Demise of Google Newspaper Archive Shows Need for National Digital Library Policy

by Irvin Muchnick on May 25, 2011

Google last week suspended its gargantuan project to scan and archive the historical content of all the world’s newspapers. The Boston Phoenix explained the development in detail.

A federal court has already thrown out the Google Books class-action settlement, which was negotiated by a publishers’ trade group and the sellout, private-spirited Authors Guild. Meanwhile, the world waits … and waits … and waits … for the Second Circuit Court of Appeals to rule on objections by myself and others to an even worse sellout – really, a giveaway – by three writers’ organizations to just about the entire periodicals industry. (The case was known at the Supreme Court as Reed Elsevier v. Muchnick when the justices last year kicked it back to lower courts for adjudication of the merits.)

Google’s abandonment of its newspaper archive plan is one more illustration of why the new publishing landscape needs clear information superhighway rules of the road.

I was actually a lot more sympathetic to Google’s work on the book deal and on newspaper and magazine scanning than were many of my fellow writers – at least the Mountain View Bigfoot was doing the job of collecting literature and journalism with a degree of competence and with some prospect of a real royalty system. But the collapse of the project reinforces the limits of self-appointed public utilities. Apparently, the newspaper archive wasn’t getting enough eyeballs to make the project profitable.

The problem with newspaper scans was not their legality, as the Phoenix pointed out: “It threaded a loophole for newspapers, who, in putting pre-internet archives online, generally would have had to sort out tricky rights issues with freelancers – but were thought to have escaped those obligations due to the method with which Google posted the archives. (Instead of posting the articles as pure text, Google posted searchable image files of the actual newspaper pages.)”

But at this juncture, don’t the interests of the public in constructively harnessing new technology – as well as those of independent creators in getting fairly paid for such exploitation – call for more than “threading the needle”?

Image scans, like library microfilm, are legal under copyright law. Individual article databases are not. Yet there is no significant difference as far as users are concerned. They (and we – writers, photographers, graphics artists, and videographers are users, too) would just like to have access, instead watching a few giant corporations hoard the historical record while they continue to tweak the best possible “business model” and figure out how to cut out everyone else.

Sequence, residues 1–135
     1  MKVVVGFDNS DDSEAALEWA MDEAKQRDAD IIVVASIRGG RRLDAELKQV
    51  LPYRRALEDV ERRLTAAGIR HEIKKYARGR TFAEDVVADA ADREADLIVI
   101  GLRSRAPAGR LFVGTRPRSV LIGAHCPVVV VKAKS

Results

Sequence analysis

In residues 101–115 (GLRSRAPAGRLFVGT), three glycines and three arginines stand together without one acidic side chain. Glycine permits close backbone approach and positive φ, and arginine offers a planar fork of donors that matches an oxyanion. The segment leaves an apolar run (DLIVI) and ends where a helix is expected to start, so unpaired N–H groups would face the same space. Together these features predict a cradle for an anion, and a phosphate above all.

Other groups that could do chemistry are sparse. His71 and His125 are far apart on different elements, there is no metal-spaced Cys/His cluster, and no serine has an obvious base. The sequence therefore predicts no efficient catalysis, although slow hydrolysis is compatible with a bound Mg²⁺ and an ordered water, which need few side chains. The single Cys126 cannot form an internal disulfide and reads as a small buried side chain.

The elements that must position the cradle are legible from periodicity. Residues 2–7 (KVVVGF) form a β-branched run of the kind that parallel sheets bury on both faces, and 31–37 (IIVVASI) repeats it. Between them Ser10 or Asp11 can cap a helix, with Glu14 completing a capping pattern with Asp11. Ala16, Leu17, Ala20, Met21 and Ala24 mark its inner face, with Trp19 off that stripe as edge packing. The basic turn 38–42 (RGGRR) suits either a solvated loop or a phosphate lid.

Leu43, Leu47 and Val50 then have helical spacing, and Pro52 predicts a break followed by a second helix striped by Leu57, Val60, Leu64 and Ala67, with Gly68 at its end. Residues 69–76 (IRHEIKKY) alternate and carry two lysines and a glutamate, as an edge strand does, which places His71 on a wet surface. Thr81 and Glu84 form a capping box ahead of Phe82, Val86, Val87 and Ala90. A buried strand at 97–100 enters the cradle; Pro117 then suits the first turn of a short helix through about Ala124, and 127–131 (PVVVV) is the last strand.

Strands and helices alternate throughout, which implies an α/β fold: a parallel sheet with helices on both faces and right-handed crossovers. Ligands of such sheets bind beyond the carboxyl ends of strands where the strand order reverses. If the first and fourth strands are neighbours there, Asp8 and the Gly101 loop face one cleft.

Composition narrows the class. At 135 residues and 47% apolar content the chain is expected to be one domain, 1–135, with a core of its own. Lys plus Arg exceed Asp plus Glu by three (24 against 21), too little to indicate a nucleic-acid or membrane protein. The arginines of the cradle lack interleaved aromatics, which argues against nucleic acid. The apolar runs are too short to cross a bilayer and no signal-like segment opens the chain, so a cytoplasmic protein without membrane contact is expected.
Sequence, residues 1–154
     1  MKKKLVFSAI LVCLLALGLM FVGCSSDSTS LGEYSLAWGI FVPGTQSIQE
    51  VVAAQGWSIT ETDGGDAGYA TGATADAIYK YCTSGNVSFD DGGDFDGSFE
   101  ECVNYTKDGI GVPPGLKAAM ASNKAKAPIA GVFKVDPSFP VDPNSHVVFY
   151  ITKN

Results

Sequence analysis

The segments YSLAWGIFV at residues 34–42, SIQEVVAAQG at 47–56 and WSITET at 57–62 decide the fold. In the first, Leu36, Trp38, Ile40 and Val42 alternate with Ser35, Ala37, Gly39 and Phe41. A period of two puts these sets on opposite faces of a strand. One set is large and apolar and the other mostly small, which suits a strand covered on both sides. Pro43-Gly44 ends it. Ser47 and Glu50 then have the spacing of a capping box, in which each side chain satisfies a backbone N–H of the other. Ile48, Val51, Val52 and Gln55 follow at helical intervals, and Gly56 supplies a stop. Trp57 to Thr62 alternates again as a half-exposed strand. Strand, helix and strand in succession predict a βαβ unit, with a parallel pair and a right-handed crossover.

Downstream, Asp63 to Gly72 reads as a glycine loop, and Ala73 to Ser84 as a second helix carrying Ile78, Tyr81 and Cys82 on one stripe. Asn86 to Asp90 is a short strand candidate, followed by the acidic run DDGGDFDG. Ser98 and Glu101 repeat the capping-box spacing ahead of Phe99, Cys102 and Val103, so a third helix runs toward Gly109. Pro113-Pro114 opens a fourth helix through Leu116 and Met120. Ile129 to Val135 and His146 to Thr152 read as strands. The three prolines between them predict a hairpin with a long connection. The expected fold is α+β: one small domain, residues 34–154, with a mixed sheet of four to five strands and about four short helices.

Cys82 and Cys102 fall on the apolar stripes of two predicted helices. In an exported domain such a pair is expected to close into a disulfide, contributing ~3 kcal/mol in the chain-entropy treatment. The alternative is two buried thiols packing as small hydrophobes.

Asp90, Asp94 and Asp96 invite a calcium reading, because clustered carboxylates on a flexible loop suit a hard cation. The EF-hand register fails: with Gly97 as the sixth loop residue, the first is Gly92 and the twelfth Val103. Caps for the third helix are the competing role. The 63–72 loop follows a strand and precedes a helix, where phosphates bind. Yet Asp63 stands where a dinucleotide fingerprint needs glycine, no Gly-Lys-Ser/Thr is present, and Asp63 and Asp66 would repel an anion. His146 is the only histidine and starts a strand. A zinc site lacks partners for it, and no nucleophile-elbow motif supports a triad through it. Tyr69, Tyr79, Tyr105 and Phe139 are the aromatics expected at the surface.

For my own part, I have individual newspaper and magazine articles that are still getting ripped off by the print publishers and by the database companies to which the publishers, willfully, flagrantly, and defiantly, “licensed” the content. In the 2001 Tasini v. New York Times ruling, the Supreme Court clearly defined those practices as violations of the Copyright Act.

The industry then essentially thumbed its nose at the justices’ 7-2 vote, bought off the Authors Guild, the National Writers Union, and the American Society of Journalists and Authors for fractions of pennies on the dollar, and tried to set up an outrageous mechanism whereby the few writers who submitted claims for peanut-shell settlements would bind the entire universe of journalists now and forevermore to giving the game away to the publishers. That was when we objectors, starting in 2005, said, “Not so fast.”

Pam Samuelson, the Berkeley professor who helped spearhead the Google Books objections, and I are in agreement that the moment has come for Congressional action on this issue. We can continue litigating till the cows come home, but the only winners in that process are the lawyers who bill by the hour and the deep-pocketed infringers who pay them to run out the clock.

Everyone knows there is a wonderful new information resource out there. As in the 19th century when the modern public library system emerged, and in the 20th century music industry when radio and recording equipment were born, newspaper, magazine, and book collections need comprehensive good-faith negotiations among the stakeholders. From the federal government, we need the compulsory licenses and royalty systems that will allow this system to reach its full promise.

Beyond Chron contributor Irvin Muchnick blogs about his case and related topics at

Filed under: Archive